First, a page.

Signal Detection Via a Transistor with Steep Current Characteristics


Katsuhiko Nishiguchi and Akira Fujiwara
Physical Science Laboratory

   A field-effect transistor (FET) is a device to amplify signals applied to a gate terminal, which can be used for a sensor with a high charge sensitivity. To maximize the sensitivity, current characteristics as a function of gate voltage should be as steep and as non-linear as possible. However, steepness or subthreshold swing (SS) of current characteristics is fundamentally limited by thermal fluctuation, e.g., 60 mV/dec at room temperature. On the other hand, practical use of the sensor necessitates suppression of outside noise masking an output signal from the FET. In this work, we demonstrate detection of a signal buried in noise with a transistor having extremely small SS [1].
   The device is composed of a wire channel covered with three gates as shown in Fig. 1 [2]. An upper gate (UG) and back gate (BG) is used to induce a source and drain electrically. Then, current is modulated by a lower gate (UG) as in a conventional LG. When drain voltage is large enough to induce hot electrons, they generate electron-hole pairs due to impact ionization. Generated holes flow in a body region of the channel and thus amplify electron current, which lead to further impact ionization.   This positive feedback makes current characteristics steeper and SS reaches ~1 mV/dec regardless of thermal fluctuation (Fig. 2).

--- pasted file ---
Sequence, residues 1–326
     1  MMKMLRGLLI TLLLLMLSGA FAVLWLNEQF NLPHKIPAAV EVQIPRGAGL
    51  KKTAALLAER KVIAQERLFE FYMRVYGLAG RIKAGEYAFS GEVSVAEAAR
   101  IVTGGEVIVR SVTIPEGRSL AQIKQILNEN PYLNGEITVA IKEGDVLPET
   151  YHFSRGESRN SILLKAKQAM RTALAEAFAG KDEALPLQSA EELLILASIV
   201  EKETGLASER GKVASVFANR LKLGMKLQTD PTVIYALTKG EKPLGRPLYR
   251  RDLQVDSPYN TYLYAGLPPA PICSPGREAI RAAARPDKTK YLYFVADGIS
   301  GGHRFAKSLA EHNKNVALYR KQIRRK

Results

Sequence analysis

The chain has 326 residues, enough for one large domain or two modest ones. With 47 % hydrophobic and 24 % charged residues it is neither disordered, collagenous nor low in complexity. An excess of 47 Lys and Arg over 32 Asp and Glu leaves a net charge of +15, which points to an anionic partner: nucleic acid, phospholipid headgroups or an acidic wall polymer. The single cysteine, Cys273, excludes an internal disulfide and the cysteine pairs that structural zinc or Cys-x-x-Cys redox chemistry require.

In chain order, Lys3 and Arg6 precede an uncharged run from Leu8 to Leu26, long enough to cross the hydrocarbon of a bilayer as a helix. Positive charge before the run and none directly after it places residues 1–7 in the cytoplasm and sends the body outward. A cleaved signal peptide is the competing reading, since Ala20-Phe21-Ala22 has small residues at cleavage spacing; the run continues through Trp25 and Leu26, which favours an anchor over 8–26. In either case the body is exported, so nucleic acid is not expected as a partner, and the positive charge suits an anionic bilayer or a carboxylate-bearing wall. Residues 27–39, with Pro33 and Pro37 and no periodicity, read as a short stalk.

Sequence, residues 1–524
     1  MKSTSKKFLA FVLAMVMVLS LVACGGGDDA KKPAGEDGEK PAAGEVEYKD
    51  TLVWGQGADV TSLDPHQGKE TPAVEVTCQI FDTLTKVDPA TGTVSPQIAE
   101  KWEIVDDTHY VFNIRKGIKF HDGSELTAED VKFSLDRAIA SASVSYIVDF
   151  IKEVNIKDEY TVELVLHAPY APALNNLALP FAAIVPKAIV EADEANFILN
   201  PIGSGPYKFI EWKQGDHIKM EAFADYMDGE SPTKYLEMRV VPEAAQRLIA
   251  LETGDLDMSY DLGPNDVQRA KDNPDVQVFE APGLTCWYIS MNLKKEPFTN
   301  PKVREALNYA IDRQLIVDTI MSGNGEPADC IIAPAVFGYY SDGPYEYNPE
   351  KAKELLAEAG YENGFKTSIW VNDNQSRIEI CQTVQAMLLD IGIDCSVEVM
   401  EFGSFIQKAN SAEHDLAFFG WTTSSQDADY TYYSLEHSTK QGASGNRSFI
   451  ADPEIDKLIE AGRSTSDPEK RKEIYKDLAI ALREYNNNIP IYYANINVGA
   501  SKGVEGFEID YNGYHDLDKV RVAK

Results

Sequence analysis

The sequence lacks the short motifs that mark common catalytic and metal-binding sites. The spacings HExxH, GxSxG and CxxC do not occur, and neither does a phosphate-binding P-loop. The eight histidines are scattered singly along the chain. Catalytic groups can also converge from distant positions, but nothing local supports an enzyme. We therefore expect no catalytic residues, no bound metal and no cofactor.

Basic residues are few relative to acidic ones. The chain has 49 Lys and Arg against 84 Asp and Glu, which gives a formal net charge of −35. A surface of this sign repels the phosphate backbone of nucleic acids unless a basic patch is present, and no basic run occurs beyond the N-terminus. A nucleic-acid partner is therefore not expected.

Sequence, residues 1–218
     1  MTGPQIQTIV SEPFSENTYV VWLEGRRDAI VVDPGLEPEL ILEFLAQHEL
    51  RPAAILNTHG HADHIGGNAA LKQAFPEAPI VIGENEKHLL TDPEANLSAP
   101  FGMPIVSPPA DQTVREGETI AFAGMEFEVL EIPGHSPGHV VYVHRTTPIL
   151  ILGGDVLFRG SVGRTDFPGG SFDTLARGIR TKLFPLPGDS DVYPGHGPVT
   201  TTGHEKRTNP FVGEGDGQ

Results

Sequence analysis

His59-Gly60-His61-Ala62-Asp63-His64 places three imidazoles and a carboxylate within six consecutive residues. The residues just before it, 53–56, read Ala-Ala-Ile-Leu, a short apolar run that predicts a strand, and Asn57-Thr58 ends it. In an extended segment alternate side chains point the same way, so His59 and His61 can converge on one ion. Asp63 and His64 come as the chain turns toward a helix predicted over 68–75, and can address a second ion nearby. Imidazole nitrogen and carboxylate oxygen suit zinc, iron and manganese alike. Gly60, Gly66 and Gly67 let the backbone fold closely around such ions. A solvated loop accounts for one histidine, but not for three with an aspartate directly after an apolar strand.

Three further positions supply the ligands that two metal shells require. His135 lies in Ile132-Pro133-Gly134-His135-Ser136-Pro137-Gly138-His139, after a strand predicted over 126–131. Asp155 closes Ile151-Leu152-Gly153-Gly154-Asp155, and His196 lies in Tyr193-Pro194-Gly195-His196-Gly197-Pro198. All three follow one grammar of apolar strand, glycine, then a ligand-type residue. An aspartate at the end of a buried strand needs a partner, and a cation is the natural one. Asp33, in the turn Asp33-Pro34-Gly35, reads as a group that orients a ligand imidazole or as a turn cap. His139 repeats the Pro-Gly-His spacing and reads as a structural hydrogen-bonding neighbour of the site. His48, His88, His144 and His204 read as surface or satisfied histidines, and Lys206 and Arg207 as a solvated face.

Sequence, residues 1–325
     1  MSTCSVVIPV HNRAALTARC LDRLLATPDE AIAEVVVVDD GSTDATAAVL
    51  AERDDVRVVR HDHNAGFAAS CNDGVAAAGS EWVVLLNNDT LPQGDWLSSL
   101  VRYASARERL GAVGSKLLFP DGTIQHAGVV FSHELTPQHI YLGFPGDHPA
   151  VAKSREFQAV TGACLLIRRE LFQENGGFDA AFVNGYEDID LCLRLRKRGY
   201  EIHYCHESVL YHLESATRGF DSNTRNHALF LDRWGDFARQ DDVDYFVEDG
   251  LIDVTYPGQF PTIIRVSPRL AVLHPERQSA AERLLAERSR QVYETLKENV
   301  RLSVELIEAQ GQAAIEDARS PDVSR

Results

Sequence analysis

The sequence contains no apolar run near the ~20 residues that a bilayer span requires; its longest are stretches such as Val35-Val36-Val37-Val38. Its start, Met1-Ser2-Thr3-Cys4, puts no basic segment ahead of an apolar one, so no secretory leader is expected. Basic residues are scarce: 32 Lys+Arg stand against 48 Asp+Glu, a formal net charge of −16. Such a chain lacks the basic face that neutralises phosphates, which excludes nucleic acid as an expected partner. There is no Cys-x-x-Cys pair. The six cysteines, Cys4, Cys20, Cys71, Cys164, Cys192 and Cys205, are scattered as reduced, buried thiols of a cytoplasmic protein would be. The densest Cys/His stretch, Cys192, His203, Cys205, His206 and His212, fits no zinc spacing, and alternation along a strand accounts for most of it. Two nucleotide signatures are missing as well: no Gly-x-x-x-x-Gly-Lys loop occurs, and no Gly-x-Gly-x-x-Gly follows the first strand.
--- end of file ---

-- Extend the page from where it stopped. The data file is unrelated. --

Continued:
Detection of signal buried in noise is performed by using stochastic resonance (SR), which is a unique phenomenon that takes advantage of noise to enhance the response of a system to a weak signal [3]. Non-linear current characteristics of the FET enable SR to provide a correlation between the noise-buried input and output current signals. It is confirmed experimentally and theoretically that stronger non-linearity, i.e., small SS, and bistability of current characteristics boost an effect of SR (Fig. 3). Moreover, the dynamic bistability enables SR effect to be enhanced by adding common noise to multiple FETs. The FET providing such unique characteristics opens the way to use SR for practical applications.
   This work was partly supported by the Funding Program for Next Generation World-Leading Researchers of JSPS (GR103)

[1] K. Nishiguchi and A. Fujiwara, Appl. Phys. Lett. 101 (2012) 193108.
[2] K. Nishiguchi and A. Fujiwara, Appl. Phys. Express 5 (2012) 085002.
[3] L. Gammaitoni et al., Rev. Mod. Phys. 70 (1998) 223.

Fig. 1. Cross-sectional views and SEM image of the device.
Fig. 2. Current-voltage characteristics.
Fig. 3. Detection of a signal buried in noise.